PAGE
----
New Minnesota health reforms to cover 16,000 more children

Officials said today that changes coming in the the state’s MinnesotaCare health care program should provide health care to 16,000 uninsured children.

The changes began July 1 and will be implemented over the next few months.

They say that, with the changes, children from families with incomes below 200 percent of federal poverty guidelines ($30,264/year for a household of two and $46,104/year for a household of four) will no longer face barriers to coverage such as the four-month waiting period and access to employer-subsidized health insurance, and will be eligible for MinnesotaCare without premiums.

Elaine Cunningham of Children’s Defense Fund-Minnesota, said: “These changes move us closer to covering every child in Minnesota. Reducing barriers for children under 200% of the federal poverty guidelines creates access to health care coverage for children in low-income working families. We want to ensure that every child grows up to be as healthy as they can be.”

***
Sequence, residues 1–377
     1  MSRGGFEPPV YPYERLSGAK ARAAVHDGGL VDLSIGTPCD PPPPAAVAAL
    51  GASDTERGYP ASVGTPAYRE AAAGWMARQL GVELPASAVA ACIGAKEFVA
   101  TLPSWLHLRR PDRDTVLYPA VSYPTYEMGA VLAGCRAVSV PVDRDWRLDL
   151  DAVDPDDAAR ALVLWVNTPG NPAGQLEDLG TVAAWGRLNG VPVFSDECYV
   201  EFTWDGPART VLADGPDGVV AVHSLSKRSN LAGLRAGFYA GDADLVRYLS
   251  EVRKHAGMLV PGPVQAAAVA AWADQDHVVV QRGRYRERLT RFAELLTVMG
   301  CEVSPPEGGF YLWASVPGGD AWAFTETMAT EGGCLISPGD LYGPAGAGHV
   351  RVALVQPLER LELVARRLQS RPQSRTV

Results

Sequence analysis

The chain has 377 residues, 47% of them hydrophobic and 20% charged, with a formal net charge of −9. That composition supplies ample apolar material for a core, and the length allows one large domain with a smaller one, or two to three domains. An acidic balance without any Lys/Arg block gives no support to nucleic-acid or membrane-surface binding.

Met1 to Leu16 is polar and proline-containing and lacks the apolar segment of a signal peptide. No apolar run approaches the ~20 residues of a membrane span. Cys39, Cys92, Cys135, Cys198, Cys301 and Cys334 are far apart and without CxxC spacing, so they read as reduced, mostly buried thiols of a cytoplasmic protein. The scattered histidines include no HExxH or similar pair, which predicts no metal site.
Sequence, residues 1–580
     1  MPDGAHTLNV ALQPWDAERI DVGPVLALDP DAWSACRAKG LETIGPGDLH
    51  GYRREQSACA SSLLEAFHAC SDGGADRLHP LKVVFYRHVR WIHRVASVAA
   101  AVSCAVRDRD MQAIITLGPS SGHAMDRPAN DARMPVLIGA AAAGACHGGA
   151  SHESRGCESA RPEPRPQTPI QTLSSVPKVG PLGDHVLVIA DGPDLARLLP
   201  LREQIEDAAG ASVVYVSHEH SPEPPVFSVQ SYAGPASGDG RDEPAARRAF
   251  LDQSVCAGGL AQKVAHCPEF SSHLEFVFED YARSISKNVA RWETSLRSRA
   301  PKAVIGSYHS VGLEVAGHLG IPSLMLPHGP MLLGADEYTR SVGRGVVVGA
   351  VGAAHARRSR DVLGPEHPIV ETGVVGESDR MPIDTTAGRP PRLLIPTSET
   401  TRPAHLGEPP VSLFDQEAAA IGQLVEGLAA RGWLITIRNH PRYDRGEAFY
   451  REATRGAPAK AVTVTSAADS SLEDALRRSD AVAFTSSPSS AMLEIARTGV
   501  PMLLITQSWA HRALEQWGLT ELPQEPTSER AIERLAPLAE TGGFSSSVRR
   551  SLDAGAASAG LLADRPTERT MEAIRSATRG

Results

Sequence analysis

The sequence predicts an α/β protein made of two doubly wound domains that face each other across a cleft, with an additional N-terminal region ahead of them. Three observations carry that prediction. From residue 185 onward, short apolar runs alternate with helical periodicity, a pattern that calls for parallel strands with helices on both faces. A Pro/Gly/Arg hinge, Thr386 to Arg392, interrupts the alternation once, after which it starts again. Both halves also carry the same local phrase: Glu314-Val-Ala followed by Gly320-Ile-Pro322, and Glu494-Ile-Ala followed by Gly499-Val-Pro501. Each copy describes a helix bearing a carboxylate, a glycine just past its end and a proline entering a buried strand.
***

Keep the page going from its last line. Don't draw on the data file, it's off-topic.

The state says an estimated 415,000 Minnesotans, including 71,000 children, didn’t have health insurance in 2011. Those without insurance are often treated at hospitals, without payment, costing an estimated $311 million in 2010, according to the state Health Department.

You can also learn about all our free newsletter options.

No comments yet

Leave a Reply